I am not ashamed of my autism. Autism is a part of me and I don’t want it cured. Yes, most days it makes life much more difficult than it should be. It intensifies sounds and sights, it makes me socially awkward, it sometimes makes me feel like an outcast. It makes things confusing; I misread things or process things poorly. It causes extreme meltdowns where I become non-verbal, child-like and engage in self-injurious behaviours. However, it also gives me a unique perception of the world. It gives me motivation to pursue interests. It develops my love of music and learning the piano. It makes me empathetic, aware of others and surroundings and an outlook on life that no neurotypical person would have.
Unfortunately, Autism awareness in this world is poor. When I first got diagnosed with Autism in October 2017, mostly people were accepting. There were a few who said ‘well, you don’t look autistic’ but they were simply uneducated. Most people treated me no different but began to see why I had seemed so different my whole life. I thought Autism acceptance and awareness was good…until things began to go wrong.
When you need support for Autism there is very little knowledge. My friends know more about Autism and autistic meltdowns and behaviours more than professionals do…and that is truly frightening. When a paramedic misreads stimming behaviour as trying ‘to be violent to others’ and as a ‘mental health case’…or a ER nurse puts your ‘mannerisms’ down to ‘unusual behaviour’ and spends the next 15 minutes trying to understand from your friend what autism and stimming is, it is honestly disheartening. These are people that will come across many autistic people in their day to day lives. Paramedics, nurses, doctors, first aid staff and university staff….all who should know at least what Autism is but absolutely have no idea…from my experiences.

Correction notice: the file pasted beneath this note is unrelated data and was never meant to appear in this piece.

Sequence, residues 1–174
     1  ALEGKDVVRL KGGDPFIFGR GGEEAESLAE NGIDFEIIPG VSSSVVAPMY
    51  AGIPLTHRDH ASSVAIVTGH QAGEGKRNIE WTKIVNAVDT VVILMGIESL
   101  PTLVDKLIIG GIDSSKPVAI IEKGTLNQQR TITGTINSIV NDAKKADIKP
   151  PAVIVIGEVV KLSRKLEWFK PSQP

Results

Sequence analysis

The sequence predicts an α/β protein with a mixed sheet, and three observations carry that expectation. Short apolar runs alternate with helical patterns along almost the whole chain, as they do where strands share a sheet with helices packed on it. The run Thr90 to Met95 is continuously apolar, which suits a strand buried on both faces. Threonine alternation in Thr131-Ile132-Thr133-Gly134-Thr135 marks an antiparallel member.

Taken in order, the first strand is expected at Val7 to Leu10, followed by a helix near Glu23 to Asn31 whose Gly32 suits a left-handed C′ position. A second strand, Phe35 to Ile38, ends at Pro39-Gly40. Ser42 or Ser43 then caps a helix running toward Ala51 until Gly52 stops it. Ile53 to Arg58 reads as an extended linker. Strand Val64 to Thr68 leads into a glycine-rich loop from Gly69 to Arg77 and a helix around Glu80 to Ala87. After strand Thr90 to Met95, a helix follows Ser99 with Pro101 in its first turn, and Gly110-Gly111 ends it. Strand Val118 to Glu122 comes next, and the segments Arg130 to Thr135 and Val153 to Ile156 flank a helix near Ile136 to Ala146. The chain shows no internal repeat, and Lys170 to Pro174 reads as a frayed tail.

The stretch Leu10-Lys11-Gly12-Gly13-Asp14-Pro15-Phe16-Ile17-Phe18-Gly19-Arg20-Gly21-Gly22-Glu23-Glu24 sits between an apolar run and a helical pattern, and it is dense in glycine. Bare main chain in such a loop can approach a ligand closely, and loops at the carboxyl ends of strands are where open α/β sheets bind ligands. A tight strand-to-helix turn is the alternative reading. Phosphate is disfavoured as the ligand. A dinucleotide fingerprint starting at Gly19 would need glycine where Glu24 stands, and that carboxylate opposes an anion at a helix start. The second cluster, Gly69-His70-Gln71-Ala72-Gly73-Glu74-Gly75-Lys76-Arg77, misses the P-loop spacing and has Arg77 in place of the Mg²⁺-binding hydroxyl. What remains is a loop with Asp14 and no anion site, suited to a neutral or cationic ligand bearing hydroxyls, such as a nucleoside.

Autism is a spectrum condition. All autistic people share certain difficulties, but being autistic will affect them in different ways. Some autistic people also have learning disabilities, mental health issues or other conditions, meaning people need different levels of support.
The term “stimming” is short for self-stimulatory behaviour and is sometimes also called “stereotypic” behaviour. In a person with autism, stimming usually refers to specific behaviours that include hand- flapping, rocking, spinning, or repetition of words and phrases. People with autism stim to help themselves to manage anxiety, fear, anger, excitement, anticipation, and other strong emotions. They also stim to help themselves handle overwhelming sensory input (too much noise, light, heat, etc.). There are also times when people stim out of habit, just as neurotypical people bite their nails, twirl their hair, or tap their feet out of habit. At times, stimming can be a useful accommodation, making it possible for the autistic person to manage challenging situations. When it becomes a distraction, creates social problems, or causes physical harm to self or others, though, it can get in the way of daily life.
PLEASE be Autism aware and educate yourself on ‘normal’ autism behaviours. People in authority should not have to put autistic people in danger because they lack understanding or knowledge…it only takes a small amount of time to listen and learn.